Kaikoura. Town in New Zealand, Oceania

Kaikoura

Town in New Zealand, Oceania

Kaikoura Photo © Andrea Schaffer

Kaikoura

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Sleeping
	Seal at Kaikoura - Kaikoura
Sleeping Seal at Kaikoura - Kaikoura. Photo by Jason Pratt
With a permanent population of just 2,000, the seaside town of Kaikoura is a nature-lovers paradise. With stunning natural attractions, whalewatching and seafood to die for, this is one stop you must make in the South Island.

Geography

Kaikoura is a town on the east coast of the South Island of New Zealand. At the south end of the town, the Kaikoura Peninsula extends into the sea, causing upwelling currents to bring diverse marine life in from the nearby Hikurangi Trench. The Seaward Kaikoura mountains, a branch of the Southern Alps, border Kaikoura to the inland.

Kaikoura peninsula walkway -
	Kaikoura
Kaikoura peninsula walkway. Photo by Joan Campderrós-i-Canas

History

According to Maori legend, explorer Tama ki Te Rangi arrived in the region hundreds of years ago, tired and hungry. Upon finding an abundance of crayfish, he named the area “Te Ahi Kaikoura a Tama ki Te Rangi” (the fire that cooked the crayfish of tama ki Te Rangi). Today the shortened name has stuck, with Kaikoura literally meaning “meal of crayfish”.

Archaeological remains indicate that Maori first inhabited the region around 900 years ago. In Maori legend, explorer Maui placed his foot on the Kaikoura peninsula while he “fished up” the North Island. The plentiful food supply in the region supported Maori settlement for hundreds of years, and several pa (fortress) sites can still be found on the peninsula today.

Captain Cook was the first European to discover the Kaikoura peninsula in 1770. Whalers followed in the next century, establishing a whaling station in 1843. The industry burgeoned and grew to employ over one hundred men in the Kaikoura district. A decline in the whale population after 1850 led many whalers to turn to other employment, such as farming. Whaling ceased completely in 1964.

Orca -
	Kaikoura
Orca - Kaikoura. Photo by Victoria Hoete-Dodd

Wildlife

The coast off Kaikoura sees several different species of whale throughout the year. The huge sperm whales can almost always be seen, as they feast on the abundant marine life of the Kaikoura waters, building up their strength to move to the mating grounds of waters further north. Also in the waters you can find dusky dolphins, the rare hector’s dolphins, humpback whales and orca.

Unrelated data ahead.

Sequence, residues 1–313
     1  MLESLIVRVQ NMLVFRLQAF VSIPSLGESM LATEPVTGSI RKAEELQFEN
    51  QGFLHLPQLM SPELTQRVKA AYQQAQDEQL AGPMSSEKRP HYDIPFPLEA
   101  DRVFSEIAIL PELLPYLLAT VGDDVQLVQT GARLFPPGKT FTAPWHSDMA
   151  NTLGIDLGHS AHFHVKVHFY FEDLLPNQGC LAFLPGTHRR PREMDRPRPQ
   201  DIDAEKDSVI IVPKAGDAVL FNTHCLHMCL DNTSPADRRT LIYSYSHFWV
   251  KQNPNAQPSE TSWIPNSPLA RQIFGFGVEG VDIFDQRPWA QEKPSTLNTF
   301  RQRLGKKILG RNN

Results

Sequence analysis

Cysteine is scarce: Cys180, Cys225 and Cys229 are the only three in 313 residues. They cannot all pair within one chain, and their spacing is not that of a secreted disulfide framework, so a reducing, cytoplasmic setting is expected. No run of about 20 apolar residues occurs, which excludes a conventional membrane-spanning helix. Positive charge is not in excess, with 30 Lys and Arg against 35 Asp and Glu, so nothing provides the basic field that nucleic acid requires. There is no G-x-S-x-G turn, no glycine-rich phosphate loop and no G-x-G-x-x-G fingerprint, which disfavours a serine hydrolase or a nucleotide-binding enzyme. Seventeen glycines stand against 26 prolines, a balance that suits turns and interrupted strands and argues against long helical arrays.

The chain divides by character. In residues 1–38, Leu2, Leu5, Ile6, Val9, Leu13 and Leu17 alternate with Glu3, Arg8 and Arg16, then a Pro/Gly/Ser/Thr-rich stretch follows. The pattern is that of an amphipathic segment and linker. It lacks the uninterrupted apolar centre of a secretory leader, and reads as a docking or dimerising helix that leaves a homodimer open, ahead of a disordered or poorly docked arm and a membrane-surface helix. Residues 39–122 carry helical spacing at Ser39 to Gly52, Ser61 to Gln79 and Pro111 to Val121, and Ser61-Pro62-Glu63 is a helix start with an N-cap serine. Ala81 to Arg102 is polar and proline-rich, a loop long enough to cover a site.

Also on the coast is a large colony of southern fur seals, which can be easily viewed at low tide. Kaikoura also has great access to watching open ocean seabirds, such as albatrosses, petrels and shearwaters, the latter of which nest high in Kaikoura’s mountains.

On the water

Kaikoura is a popular tourist destination due in large part to the ready availability of whale watching off the coast. Local operators offer tours to see these majestic animals, either from above by plane or by boat. Boat departures leave several times daily. Some operators even provide wetsuits so you can jump in alongside dolphins.

Kaikoura boats great fishing grounds, any local guide can take you out on a boat to show you the best spots. If you scuba dive, the waters off Kaikoura offer some of the best reef diving in the country.

On land

There is also a plethora of activities on land to enjoy, from four wheel motor biking to horse trekking and hunting.

The beautiful hills and mountains surround Kaikoura offer some spectacular hiking. A favorite of tourists and locals alike, Mt Fyffe is named after the first family to settle in Kaikoura, and a walking track makes it way up to the summit where you can enjoy panoramic views of the Kaikoura peninsula.

The Kaikoura Peninsula Walkway is a short one-hour walk, covering 2.7 miles in total. You can walk all or part of the trail. The walkway has beautiful ocean views and you’ll be able to observe a variety of marine wildlife. The walkway is just five minutes from the town center.

Eating

Aside from the namesake crayfish, Kaikoura prides itself on the quality of its seafood. Local delicacies include grouper, cod, mussels and paua (abalone), and you can also enjoy oysters, scallops and whitebait in season. Kaikoura has some great restaurants, as well as the New Zealand staple fast food of fish and chips, as well as cafés serving up excellent coffee and snacks.

Getting there

The best access to Kaikoura is via road. Kaikoura is 112 miles north of Christchurch, a 2.5 hour drive along State Highway 1. Christchurch has an airport with domestic and international connections. From Kaikoura you can reach Blenheim in 1.5 hours, and Picton in two hours.

The Coastal Pacific passenger train connects Kaikoura to Christchurch to the south, and Picton and the Cook Strait ferries to the north.

Other info

Temperatures in Kaikoura are mild, reaching around 68 °F in summer, and not often dropping below five degrees Celsius in winter.

The Kaikoura i-SITE Visitor Information Center on West End provides further information about attractions in Kaikoura, as well as offering booking services for many operators. The center is open from 8:30am to 6pm daily during summer, and from 9am – 5pm weekdays and 9am – 4pm weekends during winter.

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Author: Amanda. Last updated: 44 weeks ago

Pictures of Kaikoura

Kaikoura peninsula - Kaikoura
Kaikoura peninsula - Photo by Andrea Schaffer

Kaikoura - Kaikoura
Kaikoura - Photo by Andrea Schaffer

Kaikoura - Kaikoura
Kaikoura - Photo by Andrea Schaffer

Kaikoura peninsula walkway - Kaikoura
Kaikoura peninsula walkway - Photo by Andrea Schaffer

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